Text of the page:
New Brunswick SPCA reports ‘dramatic increase’ in abandoned pet cases

Fredericton, New Brunswick – The New Brunswick SPCA is alarmed at the increase in the number of abandoned pets being left behind after pet owners vacate their residence. In 2023, the NBSPCA received 312 reports of pets being abandoned at New Brunswick homes and apartments, compared to 141 in 2022.

Pet owners are responsible for the well-being of their animals. Your pet needs you and looks to you for support, protection, and care,” said Lesley Rogers, executive director of the New Brunswick SPCA. Please don’t leave your pets behind, they deserve better from you.”

Tony Porter, Chief Animal Protection officer for the NBPSCA, said an animal’s physical condition can quickly deteriorate if left without food, water, or shelter. Dogs and cats can start to show signs of dehydration after only 24 hours. In some of our recent calls for abandoned animals, the NBSPCA rescued animals in very poor physical condition and tragically also found deceased animals. 

NBSPCA animal protection officers are seeing more abandoned pets because of financial and housing issues. Since many apartment buildings do not allow pets in rental agreements, owners sometimes leave their pets behind when they move. Other owners become overwhelmed with the cost of food and veterinarian care. 

There are other solutions beside abandoning your pets. Owners can reach out for help from friends or family members to help rehome their pets. Rehoming a pet with people you associate with makes for an easier transition for the animal,” Rogers said. Another option would be to reach out to your local SPCA Animal Shelter, local Cat/​Dog Rescue group or the NBSPCA. These professionals can help by either taking in the animal or giving you options that would keep your pet safe while looking for a new home.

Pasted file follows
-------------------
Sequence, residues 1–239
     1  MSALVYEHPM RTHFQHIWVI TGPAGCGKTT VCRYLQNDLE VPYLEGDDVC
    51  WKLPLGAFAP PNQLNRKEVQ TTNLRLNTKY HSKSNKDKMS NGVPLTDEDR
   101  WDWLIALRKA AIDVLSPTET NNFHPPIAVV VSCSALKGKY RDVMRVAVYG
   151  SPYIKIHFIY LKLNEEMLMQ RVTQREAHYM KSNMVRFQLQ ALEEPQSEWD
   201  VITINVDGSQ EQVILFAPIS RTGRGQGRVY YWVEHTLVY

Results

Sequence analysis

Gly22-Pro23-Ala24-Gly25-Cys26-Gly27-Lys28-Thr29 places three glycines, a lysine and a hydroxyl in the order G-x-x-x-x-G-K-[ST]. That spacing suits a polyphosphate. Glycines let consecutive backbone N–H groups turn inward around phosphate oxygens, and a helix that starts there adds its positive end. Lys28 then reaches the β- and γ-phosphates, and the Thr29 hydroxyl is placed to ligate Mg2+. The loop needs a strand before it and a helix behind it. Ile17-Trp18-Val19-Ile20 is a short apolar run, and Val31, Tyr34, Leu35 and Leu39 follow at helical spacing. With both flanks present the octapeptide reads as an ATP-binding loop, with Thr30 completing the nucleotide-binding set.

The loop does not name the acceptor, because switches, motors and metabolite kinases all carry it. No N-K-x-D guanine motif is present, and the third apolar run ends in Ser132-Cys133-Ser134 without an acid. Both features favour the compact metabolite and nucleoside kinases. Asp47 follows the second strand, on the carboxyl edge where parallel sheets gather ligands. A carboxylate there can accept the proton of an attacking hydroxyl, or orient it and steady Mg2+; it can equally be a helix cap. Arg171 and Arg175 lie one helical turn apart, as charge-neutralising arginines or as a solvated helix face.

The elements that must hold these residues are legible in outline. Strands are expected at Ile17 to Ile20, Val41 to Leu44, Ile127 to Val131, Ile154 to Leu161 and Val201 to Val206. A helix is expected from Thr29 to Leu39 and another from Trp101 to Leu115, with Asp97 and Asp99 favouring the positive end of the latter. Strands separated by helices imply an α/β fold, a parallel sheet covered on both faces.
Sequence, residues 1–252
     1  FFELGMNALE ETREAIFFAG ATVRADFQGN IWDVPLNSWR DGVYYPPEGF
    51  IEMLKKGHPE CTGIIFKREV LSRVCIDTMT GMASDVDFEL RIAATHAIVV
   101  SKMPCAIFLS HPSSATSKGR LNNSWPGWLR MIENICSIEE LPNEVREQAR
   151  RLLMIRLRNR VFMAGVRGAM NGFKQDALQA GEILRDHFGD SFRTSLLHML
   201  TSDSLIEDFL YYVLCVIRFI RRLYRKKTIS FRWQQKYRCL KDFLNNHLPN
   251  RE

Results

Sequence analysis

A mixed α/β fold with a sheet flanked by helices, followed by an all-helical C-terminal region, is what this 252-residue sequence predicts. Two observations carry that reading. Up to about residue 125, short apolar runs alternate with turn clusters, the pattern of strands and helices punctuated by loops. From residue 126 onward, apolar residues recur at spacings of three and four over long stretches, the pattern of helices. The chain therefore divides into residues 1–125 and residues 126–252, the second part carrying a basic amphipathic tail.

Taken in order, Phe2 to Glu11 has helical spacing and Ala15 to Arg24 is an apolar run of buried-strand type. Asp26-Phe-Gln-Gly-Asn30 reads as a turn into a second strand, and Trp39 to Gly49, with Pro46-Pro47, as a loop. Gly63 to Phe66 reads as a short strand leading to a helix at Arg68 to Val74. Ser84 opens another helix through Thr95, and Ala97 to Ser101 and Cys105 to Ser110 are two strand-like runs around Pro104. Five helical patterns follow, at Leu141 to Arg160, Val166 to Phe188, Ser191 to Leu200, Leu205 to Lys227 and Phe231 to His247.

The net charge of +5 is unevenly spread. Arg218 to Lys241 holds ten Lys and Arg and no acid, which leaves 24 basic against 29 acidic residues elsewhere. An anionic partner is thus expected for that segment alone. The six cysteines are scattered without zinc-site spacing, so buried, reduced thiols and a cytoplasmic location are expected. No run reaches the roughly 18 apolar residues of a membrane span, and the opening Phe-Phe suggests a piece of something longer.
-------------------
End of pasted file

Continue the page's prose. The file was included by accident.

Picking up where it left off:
Owners of abandoned pets can face charges under the SPCA Act, resulting in fines, a criminal record, and Pro­hi­bi­tion Orders preventing them from owning pets. Pet own­ers who do not pro­vide shel­ter and fail to pro­vide med­ical care to their ani­mals can face serious consequences,” Porter said.

In other cases, Porter said owners are dropping their dog or cat off along remote areas of the province, letting them loose to fend for themselves. The abandoned animal faces hunger, dehydration or being severely injured by wild animals or cars. 

These abandoned pets are scared when left on their own to survive. They no longer have the protection and support from their owners which causes fear and stress on the animal,” Porter said. 

If you have concerns that an animal has been abandoned, neglected, or abused please call our 247 # 18777221522.

About New Brunswick SPCA

Founded in 1881, New Brunswick SPCA (NBSCPA) is the only province-wide organization mandated to enforce animal protection laws. A dedicated team of 15 Animal Protection Officers is vested with the authority under the SPCA Act of New Brunswick to investigate and, if necessary, lay charges, seize animals, or recommend court orders to persons suspected of abuse and cruelty to animals. 

The NBSPCA is a registered charity that exists to provide province-wide leadership in the humane treatment of animals. We enforce relevant legislation, ensure shelter for neglected or abused domesticated animals and agricultural animals, and provide public education and advocacy to empower New Brunswickers to help animals live long and healthy lives. 

To learn more visit nbsp​ca​.ca

Media Contact:

Mir Hyder

Marketing and Communications Manager

New Brunswick SPCA


Available for Interview:

Lesley Rogers

Executive Director

New Brunswick SPCA


Tony Porter

Chief Animal Protection Officer

New Brunswick SPCA

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